Call & Response: The Juan MacLean
NXNE starts tomorrow (good luck getting into the Broken Social Scene party). It's always fun to decide where to be every night and there seems to be more choices than ever this year. I know where I'm going to be Thursday night: Tattoo Rock Parlour for New York dance crew The Juan MacLean (DFA Records) and Swedish electronic artist The Field (Kompakt Records). Both have amazing, new albums out and the vibe in that room should be killer.
Juan MacLean bandleader John MacLean's eclectic music career started with hardcore guitars and has led him down a sweet path of old school disco, electro and classic house. I spoke to John MacLean about "Happy House", his band's new mascot, and Toronto girls (he likes them).
blogTO: What artists or songs have inspired your sound the most over the years?
John MacLean: It seems to be the same cast of characters that date back to my days in Six Finger Satellite: Juan Atkins, Kraftwerk, Chrome, Human League, Grace Jones, DAF, Moroder, Frankie Knuckles, Patrick Adams, Public Image Limited, Big Black, Kevin Saunderson. Lately I have been mining 90s piano house classics.
I love "Happy House". What inspired you to create that song? Did you set out to make a super long, epic house song or did that just happen by accident?
Well, there are a couple of obvious references in terms of the feel of the piano part. It sort of a cliche piano house riff but it mostly came from the Paul Johnson track "Get Down" and the Dubtribe Soundsystem track "Do It Now". I had a basic loop written of the drums, bass, strings, and piano. Then we (me, Alex Frankel, Nick Millhiser) went into the studio and just started jamming on those parts, replacing my original programmed sequences with live playing. From there it just grew into what it became, very organically. I thought Nancy's vocals very nicely saved it from being an obvious house type track and brought it to a different level altogether.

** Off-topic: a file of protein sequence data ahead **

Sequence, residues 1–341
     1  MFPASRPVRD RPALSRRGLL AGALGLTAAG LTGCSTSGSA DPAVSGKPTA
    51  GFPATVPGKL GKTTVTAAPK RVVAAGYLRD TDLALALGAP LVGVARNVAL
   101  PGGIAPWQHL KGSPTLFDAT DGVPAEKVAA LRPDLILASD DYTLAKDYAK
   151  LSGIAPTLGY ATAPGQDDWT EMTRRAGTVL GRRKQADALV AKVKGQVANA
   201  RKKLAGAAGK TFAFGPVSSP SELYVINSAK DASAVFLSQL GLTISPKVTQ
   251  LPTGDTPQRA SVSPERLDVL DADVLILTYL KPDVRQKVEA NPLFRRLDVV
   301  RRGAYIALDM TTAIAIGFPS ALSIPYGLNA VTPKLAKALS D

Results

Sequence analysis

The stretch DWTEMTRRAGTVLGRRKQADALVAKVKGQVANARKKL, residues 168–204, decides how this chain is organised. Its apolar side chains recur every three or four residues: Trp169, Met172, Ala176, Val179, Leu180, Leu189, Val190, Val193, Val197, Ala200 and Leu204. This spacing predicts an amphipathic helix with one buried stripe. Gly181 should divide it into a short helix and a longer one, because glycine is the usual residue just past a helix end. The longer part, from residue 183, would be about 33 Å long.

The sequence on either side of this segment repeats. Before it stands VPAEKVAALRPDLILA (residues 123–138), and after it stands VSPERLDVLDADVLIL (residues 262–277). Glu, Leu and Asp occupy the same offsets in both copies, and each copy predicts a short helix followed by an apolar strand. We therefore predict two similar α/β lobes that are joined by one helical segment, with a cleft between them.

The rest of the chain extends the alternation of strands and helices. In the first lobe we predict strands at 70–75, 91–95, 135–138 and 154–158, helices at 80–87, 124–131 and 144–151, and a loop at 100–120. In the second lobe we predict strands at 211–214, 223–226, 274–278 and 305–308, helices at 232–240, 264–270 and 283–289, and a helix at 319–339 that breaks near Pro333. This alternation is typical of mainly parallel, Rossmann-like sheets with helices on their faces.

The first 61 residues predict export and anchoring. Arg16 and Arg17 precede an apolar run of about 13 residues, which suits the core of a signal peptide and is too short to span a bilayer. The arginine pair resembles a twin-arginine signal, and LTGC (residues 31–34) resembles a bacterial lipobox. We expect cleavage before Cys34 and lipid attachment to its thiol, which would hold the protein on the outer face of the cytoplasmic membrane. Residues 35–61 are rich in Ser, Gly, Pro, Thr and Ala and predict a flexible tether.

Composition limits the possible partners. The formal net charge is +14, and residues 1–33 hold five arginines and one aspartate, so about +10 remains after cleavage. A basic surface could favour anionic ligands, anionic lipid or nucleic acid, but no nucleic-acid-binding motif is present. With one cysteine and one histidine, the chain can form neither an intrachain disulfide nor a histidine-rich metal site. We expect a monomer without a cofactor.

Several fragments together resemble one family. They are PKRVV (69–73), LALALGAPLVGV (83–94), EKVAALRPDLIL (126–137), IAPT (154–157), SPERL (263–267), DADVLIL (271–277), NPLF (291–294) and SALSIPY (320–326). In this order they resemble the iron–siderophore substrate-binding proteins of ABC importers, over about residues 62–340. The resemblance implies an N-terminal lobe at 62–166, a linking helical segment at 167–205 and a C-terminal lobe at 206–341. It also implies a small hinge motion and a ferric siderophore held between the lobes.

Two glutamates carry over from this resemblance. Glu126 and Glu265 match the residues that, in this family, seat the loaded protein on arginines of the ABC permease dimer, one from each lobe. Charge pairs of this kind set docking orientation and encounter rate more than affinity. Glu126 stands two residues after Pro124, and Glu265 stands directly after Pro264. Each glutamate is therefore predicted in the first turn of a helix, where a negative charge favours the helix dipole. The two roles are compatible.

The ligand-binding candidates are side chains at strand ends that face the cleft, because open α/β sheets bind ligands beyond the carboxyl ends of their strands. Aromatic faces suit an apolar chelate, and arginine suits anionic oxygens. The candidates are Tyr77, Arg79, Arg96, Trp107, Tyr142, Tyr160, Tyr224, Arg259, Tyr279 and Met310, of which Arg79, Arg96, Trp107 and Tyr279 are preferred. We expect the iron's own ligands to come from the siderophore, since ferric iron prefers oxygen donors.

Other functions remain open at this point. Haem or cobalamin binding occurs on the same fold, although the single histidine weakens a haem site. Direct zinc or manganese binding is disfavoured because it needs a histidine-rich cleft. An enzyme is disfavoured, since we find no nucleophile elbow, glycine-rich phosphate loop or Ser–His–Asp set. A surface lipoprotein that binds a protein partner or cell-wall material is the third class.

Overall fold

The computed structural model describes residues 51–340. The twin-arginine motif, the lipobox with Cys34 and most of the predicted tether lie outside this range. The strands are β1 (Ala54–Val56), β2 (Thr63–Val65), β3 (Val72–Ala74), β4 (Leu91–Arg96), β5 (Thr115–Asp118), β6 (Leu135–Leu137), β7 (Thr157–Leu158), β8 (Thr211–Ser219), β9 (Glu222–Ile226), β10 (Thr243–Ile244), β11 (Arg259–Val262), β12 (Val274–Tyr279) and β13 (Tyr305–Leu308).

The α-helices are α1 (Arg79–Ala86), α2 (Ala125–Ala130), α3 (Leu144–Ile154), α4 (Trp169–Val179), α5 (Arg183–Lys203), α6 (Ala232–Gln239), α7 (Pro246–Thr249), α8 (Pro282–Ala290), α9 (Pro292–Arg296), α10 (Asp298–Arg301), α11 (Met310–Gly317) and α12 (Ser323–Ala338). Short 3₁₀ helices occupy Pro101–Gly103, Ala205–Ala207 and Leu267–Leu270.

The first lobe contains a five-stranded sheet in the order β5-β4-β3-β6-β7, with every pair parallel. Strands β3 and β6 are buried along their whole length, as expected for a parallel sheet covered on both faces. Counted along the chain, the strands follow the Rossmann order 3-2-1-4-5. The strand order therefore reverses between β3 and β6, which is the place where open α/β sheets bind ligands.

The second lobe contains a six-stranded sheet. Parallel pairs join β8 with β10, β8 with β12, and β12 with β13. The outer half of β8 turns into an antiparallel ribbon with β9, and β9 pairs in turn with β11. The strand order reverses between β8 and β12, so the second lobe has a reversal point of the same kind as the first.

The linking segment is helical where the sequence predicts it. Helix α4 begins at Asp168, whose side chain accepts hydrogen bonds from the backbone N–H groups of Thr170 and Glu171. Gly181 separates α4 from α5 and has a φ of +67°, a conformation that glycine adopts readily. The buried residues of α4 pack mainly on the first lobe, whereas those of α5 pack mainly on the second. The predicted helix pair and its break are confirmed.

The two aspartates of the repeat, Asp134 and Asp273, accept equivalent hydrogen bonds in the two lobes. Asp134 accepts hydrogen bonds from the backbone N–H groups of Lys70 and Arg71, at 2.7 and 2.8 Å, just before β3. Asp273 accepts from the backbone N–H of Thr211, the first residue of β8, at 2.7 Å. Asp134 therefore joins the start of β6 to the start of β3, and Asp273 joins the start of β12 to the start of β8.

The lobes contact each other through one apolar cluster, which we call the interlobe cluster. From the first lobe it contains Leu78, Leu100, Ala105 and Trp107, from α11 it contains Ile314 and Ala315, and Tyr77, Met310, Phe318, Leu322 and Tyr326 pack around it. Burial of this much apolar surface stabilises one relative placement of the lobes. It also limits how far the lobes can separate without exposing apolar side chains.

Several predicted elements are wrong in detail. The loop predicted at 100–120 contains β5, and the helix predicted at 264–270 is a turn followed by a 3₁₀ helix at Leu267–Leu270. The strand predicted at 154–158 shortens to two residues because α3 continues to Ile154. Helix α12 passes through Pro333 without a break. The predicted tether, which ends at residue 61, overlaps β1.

What does the line "launch me into space" mean?
It means shoot me into space in a spaceship. It's a double entendre about taking certain drugs that make music better.
Why did you call your new album called The Future Will Come?
I have always been influenced by music that was made to sound futuristic. For example, people like Kraftwerk and Gary Numan were very concerned with sounding and looking futuristic. At this point, I think it is impossible to achieve this sort of aesthetic. With the internet, people have so much access to the history of everything that has happened in the last 50 years in pop music, no influence or trend remains mysterious or unturned. Everyone knows everything. So, in many ways the future is irrelevant. I was thinking about this once when I was sitting on a bus with MSTRKRFT as we were traveling across Canada, and I just said out loud "the future will come". Everyone looked at me and said, "wow, that's some deep next-level shit".
It seemed like the album release was delayed. Wasn't it supposed to come out sooner?
Maybe a little sooner. It's hard to coordinate the release schedule with all of the territories in the world, and since I insisted that every territory release the LP at least during the same week, it became a difficult thing to pull off. I just hate it when it gets released in the USA first, and then a month later in Europe, for example. It's not fair, and it sort of discredits the importance of the EU/UK scenes, where our type of music does quite well and is highly revered.
The rest of the album has a more "robotic" feel than "Happy House". Was that single made before or after the other tracks?
It surprises people to hear that "Happy House" was made during the same sessions as the rest of the album. We released "Happy House" first as a 12" simply to get back on the radar. It had been a while since I had released anything, so we picked a deeper track from the album, one we knew would not be a single, to put out there, to get some awareness going again. I had no idea it would blow up the way it did. Now, ironically, we are re-releasing it as the second single for the album, with a shorter, edited version and video.